Next time out for Jacksonville, another three-and-out, this time courtesy of excellent pass defense and what the announcer considered a “coverage stop” on a third-down stop where Minshew scrambled around the backfield before being brought down at the line of scrimmage. Another punt.
Burrow led another drive into Jacksonville territory, threw three incompletions and Randy Bullock’s number was called for his second field goal of the day. 14-point Bengals lead, 27-13. Jacksonville responded with their first decent drive of the half and settled for a field goal after a huge first sack of the day, a dual takedown by linebackers Josh Bynes and Jordan Evans. Burrow zipped right back into opponent territory on the following drive — Cincy’s made it past the 50 on every possession in the game to this point — and wound up settling for the game’s third straight three-point score, 30-16.
The Jaguars converted a life-saving fourth down on their next possession and charged down the field, punching into the end zone with another DJ Chark touchdown catch that Leshaun Sims ripped away in a similar fashion to Drew Sample’s from earlier. This one stood as a TD. The Jags went for two and did not convert, giving Cincy the ball up eight with about six minutes to play.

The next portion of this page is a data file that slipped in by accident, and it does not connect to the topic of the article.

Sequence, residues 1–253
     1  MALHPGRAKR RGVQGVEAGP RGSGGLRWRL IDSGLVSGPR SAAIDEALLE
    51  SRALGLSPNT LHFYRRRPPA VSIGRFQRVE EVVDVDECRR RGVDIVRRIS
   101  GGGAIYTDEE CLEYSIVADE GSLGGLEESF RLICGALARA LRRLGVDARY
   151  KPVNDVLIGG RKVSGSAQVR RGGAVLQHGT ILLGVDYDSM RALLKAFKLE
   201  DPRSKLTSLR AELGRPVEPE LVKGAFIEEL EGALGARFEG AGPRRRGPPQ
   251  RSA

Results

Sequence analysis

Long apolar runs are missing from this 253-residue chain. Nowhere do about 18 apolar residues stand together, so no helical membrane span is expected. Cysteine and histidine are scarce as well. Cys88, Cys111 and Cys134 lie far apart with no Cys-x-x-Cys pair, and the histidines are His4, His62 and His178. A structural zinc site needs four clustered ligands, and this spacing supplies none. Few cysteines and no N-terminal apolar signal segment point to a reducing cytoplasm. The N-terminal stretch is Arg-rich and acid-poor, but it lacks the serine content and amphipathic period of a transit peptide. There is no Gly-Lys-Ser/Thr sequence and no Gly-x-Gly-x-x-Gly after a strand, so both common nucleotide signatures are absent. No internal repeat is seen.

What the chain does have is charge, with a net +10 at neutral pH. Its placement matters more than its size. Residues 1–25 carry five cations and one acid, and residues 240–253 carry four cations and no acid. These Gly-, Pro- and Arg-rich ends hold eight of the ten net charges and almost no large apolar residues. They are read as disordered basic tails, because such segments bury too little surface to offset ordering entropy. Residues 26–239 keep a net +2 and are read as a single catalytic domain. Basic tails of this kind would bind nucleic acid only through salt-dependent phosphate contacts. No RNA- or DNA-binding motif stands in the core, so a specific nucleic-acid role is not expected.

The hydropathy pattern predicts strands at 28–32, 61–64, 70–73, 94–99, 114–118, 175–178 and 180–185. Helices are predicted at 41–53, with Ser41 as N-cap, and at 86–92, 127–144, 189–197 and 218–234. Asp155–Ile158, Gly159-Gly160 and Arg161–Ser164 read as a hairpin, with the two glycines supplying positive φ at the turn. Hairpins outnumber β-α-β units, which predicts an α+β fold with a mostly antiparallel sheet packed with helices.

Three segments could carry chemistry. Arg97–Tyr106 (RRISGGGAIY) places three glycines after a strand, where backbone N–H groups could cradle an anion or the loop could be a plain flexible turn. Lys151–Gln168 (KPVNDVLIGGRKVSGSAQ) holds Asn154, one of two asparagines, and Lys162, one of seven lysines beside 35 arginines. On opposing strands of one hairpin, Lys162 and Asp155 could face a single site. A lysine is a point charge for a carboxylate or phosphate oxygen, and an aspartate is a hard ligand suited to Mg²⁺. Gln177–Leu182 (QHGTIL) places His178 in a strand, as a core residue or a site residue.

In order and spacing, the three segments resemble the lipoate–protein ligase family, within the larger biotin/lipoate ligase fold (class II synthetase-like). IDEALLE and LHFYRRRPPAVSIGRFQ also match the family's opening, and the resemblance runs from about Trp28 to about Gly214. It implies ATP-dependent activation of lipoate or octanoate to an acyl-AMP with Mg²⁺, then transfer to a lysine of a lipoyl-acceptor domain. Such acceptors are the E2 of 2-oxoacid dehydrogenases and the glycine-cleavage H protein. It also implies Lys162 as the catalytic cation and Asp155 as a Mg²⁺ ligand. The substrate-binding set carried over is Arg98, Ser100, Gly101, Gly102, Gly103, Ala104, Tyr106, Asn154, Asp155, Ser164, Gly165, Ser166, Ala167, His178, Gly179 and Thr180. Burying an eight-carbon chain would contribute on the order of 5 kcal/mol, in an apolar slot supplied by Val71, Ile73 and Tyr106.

Nine rushes and 66 yards later, Randy Bullock sailed his fourth field goal through the uprights to essentially seal the game, 33-22. Jacksonville scored with one more field goal with 10 seconds left but Jordan Evans recovered the ensuing onside kick to give the Bengals their first victory of the Joe Burrow era.
The defense still left a lot to be desired and the first half penalties led to a Jags touchdown, but Cincinnati came out in the second act the much better, and dominant, side, reaching the other side of the 50 on every possession of the game and scoring 23 points in the final two quarters while holding Jacksonville to 12. It was a complete performance.